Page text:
Fig. 2

Positively correlated probability distributions

Fig. 3

Negatively correlated probability distributions

Relative evaluation of different sensor observations

At the selection step shown in Fig. 4, the correlation between all probability distributions are evaluated, and the number of \(\rho _{m,l}>\rho _{th}\) for each \(p_{m}(\mathbf {s}^{[n]})\) is counted, which is \(L_m\). Then, \(p_{m}(\mathbf {s}^{[n]})\) whose \(L_m\) is lower than M/2 are removed, and other passing probability distribution are fused by Eq. (6).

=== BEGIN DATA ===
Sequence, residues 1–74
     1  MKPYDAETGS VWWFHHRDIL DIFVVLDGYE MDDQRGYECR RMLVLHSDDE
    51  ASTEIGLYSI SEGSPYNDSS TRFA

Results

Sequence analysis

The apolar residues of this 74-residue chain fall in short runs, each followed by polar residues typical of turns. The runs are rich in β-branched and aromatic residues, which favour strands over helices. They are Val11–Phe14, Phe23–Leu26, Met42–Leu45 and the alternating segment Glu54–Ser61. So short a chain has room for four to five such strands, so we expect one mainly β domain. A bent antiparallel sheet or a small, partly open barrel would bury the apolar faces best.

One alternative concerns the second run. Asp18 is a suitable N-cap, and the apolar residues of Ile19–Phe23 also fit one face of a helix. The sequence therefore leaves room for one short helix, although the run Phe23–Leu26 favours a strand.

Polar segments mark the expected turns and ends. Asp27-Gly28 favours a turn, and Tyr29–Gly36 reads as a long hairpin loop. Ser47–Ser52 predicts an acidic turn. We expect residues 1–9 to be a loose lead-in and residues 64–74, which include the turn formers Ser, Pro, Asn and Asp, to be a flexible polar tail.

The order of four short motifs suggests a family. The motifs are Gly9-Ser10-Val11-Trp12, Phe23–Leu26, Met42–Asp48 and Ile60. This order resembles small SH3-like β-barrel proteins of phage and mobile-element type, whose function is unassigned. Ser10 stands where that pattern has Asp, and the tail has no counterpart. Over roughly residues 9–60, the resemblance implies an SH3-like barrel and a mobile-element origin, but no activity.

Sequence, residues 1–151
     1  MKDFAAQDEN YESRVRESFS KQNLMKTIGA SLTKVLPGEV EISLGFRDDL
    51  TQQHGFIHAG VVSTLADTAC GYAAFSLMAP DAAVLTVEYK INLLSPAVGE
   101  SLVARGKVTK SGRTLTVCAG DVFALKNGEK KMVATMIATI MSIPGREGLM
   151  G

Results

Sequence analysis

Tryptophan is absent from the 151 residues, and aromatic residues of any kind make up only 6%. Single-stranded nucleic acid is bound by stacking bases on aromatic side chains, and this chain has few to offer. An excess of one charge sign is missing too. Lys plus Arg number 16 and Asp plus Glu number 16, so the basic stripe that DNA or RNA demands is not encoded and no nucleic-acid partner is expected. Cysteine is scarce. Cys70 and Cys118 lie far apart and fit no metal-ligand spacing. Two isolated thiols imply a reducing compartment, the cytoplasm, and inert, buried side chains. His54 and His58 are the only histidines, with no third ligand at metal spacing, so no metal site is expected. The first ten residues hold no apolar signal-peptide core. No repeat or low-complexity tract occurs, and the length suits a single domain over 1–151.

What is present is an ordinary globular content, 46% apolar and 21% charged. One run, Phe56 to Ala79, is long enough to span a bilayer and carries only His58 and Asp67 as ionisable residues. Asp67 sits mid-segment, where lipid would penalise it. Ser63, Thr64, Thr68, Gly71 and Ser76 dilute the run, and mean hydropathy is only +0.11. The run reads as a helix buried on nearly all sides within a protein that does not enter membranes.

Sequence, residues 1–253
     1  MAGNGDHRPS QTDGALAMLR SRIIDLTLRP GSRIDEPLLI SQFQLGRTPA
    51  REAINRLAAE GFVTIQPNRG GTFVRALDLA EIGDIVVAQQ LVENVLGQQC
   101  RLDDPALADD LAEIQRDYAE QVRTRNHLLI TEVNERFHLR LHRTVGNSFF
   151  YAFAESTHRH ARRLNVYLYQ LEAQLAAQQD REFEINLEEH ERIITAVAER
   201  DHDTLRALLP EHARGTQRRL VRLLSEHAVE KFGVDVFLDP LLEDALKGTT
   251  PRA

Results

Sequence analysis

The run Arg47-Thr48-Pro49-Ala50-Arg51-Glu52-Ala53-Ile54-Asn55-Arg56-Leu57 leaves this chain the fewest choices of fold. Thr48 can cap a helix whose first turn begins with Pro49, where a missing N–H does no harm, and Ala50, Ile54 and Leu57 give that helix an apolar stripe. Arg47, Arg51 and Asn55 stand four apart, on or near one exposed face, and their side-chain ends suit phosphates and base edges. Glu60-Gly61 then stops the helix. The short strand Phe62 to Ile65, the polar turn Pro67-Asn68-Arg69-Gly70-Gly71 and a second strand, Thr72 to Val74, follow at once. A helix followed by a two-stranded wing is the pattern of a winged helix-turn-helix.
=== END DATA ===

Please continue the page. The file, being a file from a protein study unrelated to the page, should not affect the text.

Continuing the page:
This selective sensor fusion system is on the basis of the following assumption; it seldom happens that different kinds of sensors are affected by the same fatal environmental noises at the same time and place. If the number of erroneous probability distributions is less than half of all, the proposed system can correctly detect and exclude the erroneous probability distributions. On the other hand, if over half of the sensors are affected by environmental noises at the same time, there is the possibility that the proposed system cannot detect only erroneous probability distributions. However, under the above assumption, the peak positions of the erroneous probability distributions would vary with each other because the noises are different depending on the sensor. Thus the erroneous probability distributions would have a negative correlation to others, and this system uses all probability distributions. Although the proposed system cannot decrease the affection of the erroneous position information, it is the same as the conventional system that fuses all probability distribution. Therefore this does not mean the proposed system is inferior to the conventional system. The proposed system is suitable for fusing different kind of sensors. Note that the proposed system must have three or more sensors for the relative evaluation.